Charles Rosetti, the head of the IRS, is predicting collapse if his staff can't get the IRS computers fixed. "The whole financial system of the United States will come to a halt." If he had a Year 2000 Web site, he would be accused of being a doom and gloomer and a scaremonger, too.
Rosetti's background is computers. His firm was involved in y2k consulting. He is the first Commissioner who is not a lawyer or a CPA.
Will the IRS get its computers fixed? Of course not. The IRS has tried to revamp its computers repeatedly over the last 30 years. The latest attempt cost $4 billion and took 11 years. The project was abandoned in January of 1997.
If the financial system comes to a halt in 2000, who will pay mainframe programmers to complete their unfinished work? It takes money to pay programmers. It takes banks. The banking system will not make it. Bank runs will close them. Programmers will not get paid.
This is the scenario that most programmers refuse to consider. This is why they reject all suggestions of a major breakdown in 2000. In the face of the evidence of universaal noncompliance and the tardiness of most major software revisions, they keep saying that most mainframe-based systems will make it, especially the financial system. They expect to be at the top of the food chain, that they will get paid when everyone else is frantically trying to earn an income. They're wrong. When the financial system falls, programmers will be fired, just like everyone else except local truck farmers. Yes, even the lawyers will have a hard time. (The collapse of the economy isn't all bad!)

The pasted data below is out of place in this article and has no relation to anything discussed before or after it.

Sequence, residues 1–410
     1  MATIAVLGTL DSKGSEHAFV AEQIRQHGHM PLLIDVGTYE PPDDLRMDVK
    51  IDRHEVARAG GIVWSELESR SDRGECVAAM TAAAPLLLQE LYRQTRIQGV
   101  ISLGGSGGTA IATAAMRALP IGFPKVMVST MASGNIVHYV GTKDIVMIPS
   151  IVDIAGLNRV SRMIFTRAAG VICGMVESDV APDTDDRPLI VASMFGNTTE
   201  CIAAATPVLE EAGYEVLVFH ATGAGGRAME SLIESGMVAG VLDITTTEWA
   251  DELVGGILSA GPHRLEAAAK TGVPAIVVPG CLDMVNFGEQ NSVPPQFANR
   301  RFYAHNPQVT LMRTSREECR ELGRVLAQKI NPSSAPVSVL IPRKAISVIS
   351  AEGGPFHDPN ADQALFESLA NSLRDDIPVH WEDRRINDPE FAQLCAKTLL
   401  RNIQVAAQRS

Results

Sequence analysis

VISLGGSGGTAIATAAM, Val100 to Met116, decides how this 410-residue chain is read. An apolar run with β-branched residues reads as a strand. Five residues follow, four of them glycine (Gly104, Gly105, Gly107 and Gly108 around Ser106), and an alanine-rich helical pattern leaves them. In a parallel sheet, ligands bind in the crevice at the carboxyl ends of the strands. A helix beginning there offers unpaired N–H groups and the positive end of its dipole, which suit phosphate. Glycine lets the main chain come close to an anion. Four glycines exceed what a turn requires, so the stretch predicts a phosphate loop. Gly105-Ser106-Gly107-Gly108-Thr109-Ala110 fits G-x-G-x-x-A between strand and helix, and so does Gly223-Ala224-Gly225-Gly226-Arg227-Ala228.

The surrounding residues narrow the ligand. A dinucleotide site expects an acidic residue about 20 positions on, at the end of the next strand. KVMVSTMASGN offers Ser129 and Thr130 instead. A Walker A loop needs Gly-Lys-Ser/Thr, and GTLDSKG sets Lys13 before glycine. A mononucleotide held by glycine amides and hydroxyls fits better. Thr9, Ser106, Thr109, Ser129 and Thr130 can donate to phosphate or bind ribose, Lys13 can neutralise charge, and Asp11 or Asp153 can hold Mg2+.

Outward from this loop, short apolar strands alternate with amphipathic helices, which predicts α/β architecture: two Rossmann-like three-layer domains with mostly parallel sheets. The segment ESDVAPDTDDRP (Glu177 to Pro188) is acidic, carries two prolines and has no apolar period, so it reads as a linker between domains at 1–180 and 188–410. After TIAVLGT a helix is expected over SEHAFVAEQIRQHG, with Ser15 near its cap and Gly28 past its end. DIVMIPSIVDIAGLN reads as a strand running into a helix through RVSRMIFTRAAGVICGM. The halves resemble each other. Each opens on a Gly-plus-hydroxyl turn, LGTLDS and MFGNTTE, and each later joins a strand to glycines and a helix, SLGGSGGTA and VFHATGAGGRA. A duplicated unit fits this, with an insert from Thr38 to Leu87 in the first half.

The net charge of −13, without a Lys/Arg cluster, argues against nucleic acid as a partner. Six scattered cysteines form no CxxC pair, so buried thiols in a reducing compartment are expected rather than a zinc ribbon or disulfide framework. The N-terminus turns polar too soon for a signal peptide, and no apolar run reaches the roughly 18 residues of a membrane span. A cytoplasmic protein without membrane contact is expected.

It all hinges on the IRS and fractional reserve banking now. Get ready for a wild ride. Especially if you live in Washington, D.C.
Without the banks, the IRS can't get paid. Neither can state governments. Politics will revert to the county, which can collect taxes in cash. The county was the locus of primary political sovereignty when the U.S. Constitution was ratified in 1788. It will be again. Soon.
This is from USA TODAY (April 2).
* * * * * * * *
WASHINGTON: Internal Revenue Service Commissioner Charles Rosotti said Wednesday he is so concerned about the year 2000 computer glitch that he wants congress to delay a massive restructuring of his agency. . . .
Preparing its computers for the next century will cost the IRS nearly $1 billion, Rossotti said. Although some new computers will be added, the lion's share of that money will go toward patching old systems.
"We've got to bring the IRS into at least the end of the 20th century," Rossotti said.
Perhaps the biggest obstacle, he said, is luring skilled computer professionals to the relatively low-paying public sector jobs. . . .
A: We've got to put things into categories so we can focus on things we need to do right away, and the things we need to do longer term. The most compelling thing by far is fixing the computers so they don't stop working on Jan. 1, 2000. . . . If we don't fix [them], there will be 90 million people 21 months from now who won't get refunds. The whole financial system of the United States will come to a halt. It's very serious. It not only could happen, it will happen if we don't fix it right."